• Offer interferon or glatiramer acetate to patients with CIS and abnormal MRI findings with lesions suggesting MS who do not fulfill full criteria for MS.
  • Offer early treatment with disease-modifying drugs in patients with active relapsing-remitting MS (RRMS), as defined by clinical relapses and/or MRI activity (active lesions: contrast-enhancing lesions; new or unequivocally enlarging T2 lesions assessed at least annually).
  • Offer a more efficacious drug to patients treated with interferon or glatiramer acetate who show evidence of disease activity.

American Academy of Neurology (AAN) 

Released in 2018, guidelines from the AAN on the use of disease-modifying therapies in patients with multiple sclerosis provide updated guidance on starting, switching, and stopping treatment and recommend an earlier start to treatment rather than later in the disease course. These guidelines are endorsed by the Multiple Sclerosis Association of America and the National Multiple Sclerosis Society. In all, 30 recommendations were developed: 17 on starting DMTs, 10 on switching from one therapy to another if breakthrough disease develops, and 3 on considerations related to stopping therapy. [148, 149, 150]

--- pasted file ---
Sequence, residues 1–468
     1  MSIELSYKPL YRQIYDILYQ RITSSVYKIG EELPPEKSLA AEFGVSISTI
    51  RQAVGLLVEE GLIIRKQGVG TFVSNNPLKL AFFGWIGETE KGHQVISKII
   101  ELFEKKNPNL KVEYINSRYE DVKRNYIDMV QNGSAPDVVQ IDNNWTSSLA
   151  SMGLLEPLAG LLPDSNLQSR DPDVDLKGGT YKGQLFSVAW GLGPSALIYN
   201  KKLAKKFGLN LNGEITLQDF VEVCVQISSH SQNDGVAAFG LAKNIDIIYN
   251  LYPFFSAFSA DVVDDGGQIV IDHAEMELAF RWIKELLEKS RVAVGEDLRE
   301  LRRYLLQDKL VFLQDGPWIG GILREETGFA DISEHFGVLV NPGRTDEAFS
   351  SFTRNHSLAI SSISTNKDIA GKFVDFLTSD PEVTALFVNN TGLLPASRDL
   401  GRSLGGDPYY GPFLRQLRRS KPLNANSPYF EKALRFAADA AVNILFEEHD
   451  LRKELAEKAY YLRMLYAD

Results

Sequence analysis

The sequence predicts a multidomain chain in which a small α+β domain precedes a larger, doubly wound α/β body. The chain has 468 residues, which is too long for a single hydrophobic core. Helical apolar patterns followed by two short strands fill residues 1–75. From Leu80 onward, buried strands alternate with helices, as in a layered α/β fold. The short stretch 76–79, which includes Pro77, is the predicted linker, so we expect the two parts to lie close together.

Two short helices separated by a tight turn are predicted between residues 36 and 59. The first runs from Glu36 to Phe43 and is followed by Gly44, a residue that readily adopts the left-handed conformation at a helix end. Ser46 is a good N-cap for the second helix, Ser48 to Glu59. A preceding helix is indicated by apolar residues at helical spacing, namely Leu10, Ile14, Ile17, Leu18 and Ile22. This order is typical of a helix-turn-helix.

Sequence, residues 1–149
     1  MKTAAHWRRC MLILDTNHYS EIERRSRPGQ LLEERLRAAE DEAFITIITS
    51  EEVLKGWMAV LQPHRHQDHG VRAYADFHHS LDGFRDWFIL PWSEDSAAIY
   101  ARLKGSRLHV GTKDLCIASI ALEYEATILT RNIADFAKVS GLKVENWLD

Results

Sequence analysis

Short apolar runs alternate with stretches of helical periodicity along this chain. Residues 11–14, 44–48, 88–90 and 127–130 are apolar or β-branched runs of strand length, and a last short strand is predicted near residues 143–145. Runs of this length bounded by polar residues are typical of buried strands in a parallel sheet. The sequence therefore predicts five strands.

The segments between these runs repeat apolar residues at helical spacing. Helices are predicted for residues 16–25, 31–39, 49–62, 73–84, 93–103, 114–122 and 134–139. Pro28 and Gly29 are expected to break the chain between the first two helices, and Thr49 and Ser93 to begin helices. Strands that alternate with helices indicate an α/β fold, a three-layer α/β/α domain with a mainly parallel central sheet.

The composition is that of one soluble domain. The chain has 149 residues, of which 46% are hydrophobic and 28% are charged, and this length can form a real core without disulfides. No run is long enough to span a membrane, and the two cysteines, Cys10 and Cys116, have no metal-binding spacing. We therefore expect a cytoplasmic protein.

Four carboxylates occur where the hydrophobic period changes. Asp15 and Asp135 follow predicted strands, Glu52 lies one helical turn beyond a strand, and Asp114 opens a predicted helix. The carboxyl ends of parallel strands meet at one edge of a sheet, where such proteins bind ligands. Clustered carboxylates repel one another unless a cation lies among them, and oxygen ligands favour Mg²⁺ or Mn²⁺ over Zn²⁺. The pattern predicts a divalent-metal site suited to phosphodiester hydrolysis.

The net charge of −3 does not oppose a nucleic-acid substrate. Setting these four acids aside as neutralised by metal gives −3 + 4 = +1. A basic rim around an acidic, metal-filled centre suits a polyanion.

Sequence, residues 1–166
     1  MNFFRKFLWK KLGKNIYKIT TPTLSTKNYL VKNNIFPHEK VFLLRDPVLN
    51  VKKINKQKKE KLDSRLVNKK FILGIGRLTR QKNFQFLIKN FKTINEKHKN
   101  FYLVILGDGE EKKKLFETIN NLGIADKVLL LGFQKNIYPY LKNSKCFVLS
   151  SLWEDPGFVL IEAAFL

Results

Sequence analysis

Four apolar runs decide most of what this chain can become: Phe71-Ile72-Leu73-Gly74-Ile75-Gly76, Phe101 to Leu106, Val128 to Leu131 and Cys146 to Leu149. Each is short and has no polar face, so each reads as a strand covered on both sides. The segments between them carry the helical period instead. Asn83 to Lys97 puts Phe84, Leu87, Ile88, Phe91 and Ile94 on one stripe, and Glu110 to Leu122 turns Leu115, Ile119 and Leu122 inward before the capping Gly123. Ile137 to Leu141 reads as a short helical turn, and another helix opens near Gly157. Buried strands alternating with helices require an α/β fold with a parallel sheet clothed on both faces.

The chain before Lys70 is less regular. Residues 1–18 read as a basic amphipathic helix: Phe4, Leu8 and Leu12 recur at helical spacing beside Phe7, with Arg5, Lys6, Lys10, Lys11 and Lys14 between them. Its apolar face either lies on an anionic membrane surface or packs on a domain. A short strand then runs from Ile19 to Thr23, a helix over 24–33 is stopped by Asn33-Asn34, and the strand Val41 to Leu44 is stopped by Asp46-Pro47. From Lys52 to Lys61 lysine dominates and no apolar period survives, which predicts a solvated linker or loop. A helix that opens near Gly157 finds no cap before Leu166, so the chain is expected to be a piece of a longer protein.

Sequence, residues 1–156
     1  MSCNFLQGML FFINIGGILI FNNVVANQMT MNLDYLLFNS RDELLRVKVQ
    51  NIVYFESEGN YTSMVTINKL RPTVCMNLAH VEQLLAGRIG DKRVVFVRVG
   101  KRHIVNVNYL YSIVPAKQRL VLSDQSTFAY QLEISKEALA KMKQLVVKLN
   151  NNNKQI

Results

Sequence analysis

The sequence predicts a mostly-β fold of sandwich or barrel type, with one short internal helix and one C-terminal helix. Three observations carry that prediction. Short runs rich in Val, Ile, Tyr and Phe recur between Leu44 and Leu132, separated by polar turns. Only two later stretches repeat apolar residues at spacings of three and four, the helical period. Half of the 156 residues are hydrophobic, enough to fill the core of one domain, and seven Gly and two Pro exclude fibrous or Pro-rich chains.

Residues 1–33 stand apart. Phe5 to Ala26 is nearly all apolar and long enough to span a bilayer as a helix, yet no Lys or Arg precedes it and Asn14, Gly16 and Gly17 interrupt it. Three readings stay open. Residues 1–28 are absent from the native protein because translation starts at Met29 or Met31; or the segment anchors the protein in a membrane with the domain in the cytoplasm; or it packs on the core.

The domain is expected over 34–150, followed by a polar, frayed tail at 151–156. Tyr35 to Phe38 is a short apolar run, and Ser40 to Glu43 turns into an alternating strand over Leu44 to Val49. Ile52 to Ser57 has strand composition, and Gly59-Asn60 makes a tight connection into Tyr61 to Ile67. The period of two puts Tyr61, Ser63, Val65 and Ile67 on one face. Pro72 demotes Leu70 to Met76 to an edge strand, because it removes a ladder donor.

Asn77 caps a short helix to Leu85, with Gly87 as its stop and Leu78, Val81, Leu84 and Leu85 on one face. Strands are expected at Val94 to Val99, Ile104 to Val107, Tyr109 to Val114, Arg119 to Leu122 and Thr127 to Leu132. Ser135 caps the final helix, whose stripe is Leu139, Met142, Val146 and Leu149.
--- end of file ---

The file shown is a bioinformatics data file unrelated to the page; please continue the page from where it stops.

In 2019, the American Academy of Neurology (AAN) issued guidelines for vaccine-preventable infections and immunization in multiple sclerosis. Recommendations include the following: [151]

  • Discuss the evidence regarding immunizations in MS with patients.
  • Recommend that MS patients follow all local vaccine standards, unless there are specific contraindications.
  • Recommend annual influenza vaccination to MS patients.
  • Counsel MS patients about infection risks associated with specific immunosuppressive/ immunomodulating (ISIM) medications and treatment-specific vaccination guidance according to prescribing information (PI).
  • Vaccinate patients with MS as needed at least 4–6 weeks before initiating ISIM therapy.
  • Screen for infections according to PI before initiating ISIM medications and treat patients testing positive for latent infections. In high-risk populations, screen for latent infections before starting ISIM therapy even when not specifically mentioned in PI.
  • Recommend against using live-attenuated vaccines in MS patients receiving ISIM therapies.
  • Delay vaccination in MS patients experiencing a relapse.